Britain posed to ban hybrid embryos

January 5, 2007

Patients "desperate for therapy" would be denied potential treatment if Britain outlaws human-animal embryos, scientists said.

By proposing to prohibit the fusion of human DNA with animal eggs, scientists said ministers are barring access to a powerful medical research tool, The Times of London said Friday. The technique produces embryos that are 99.5 percent human and is aimed to address the shortage of human eggs for stem cell research.

The proposal was released last month. It won't become law for at least a year, but scientists said it already affected research. Two groups wanting to use the technique applied to the Human Fertilization and Embryology Authority for licenses, which are expected to be denied.

British Public Health Minister Caroline Flint said the decision followed public consultation in which most participants opposed the technique. Scientists said only 535 commented.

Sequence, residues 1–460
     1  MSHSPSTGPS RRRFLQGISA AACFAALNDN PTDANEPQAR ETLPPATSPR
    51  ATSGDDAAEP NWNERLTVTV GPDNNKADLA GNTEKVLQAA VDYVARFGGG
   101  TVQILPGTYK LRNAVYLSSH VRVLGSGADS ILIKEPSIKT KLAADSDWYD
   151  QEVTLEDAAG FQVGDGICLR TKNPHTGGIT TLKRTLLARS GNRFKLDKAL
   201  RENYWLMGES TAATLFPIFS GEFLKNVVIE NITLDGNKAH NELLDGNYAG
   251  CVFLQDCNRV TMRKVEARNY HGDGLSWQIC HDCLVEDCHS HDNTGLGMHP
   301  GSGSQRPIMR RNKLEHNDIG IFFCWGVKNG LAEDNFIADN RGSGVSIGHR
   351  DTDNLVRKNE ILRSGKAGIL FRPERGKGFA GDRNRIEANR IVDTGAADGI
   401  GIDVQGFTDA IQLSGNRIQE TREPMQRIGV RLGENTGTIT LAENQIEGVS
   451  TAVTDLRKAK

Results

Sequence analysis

"There are hundreds of thousands of patients in Britain with degenerative neurological conditions," Chris Shaw, King's College London, who is researching motor neuron disease, told The Times. "We can use these cell lines to study them, and to see if drugs are going to be effective. To shut that down is a real affront to patients who are desperate for therapy."

Copyright 2007 by United Press International

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